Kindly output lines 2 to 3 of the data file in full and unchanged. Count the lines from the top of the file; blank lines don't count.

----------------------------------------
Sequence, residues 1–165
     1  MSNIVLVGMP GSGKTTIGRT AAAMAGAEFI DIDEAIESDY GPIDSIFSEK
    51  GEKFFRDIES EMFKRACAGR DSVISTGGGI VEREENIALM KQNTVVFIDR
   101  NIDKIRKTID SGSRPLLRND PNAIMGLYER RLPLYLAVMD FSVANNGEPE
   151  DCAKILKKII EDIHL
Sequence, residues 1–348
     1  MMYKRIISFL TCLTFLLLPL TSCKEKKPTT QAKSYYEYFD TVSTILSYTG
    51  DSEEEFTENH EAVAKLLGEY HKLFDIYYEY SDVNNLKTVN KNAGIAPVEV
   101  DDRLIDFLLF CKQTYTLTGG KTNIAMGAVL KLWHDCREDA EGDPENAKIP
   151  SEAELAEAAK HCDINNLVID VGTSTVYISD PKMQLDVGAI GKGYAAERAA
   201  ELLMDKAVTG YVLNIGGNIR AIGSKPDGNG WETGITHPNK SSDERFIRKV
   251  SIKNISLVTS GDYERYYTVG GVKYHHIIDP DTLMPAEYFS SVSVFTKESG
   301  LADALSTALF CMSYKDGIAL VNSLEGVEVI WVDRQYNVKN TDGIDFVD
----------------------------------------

     1  MSNIVLVGMP GSGKTTIGRT AAAMAGAEFI DIDEAIESDY GPIDSIFSEK
    51  GEKFFRDIES EMFKRACAGR DSVISTGGGI VEREENIALM KQNTVVFIDR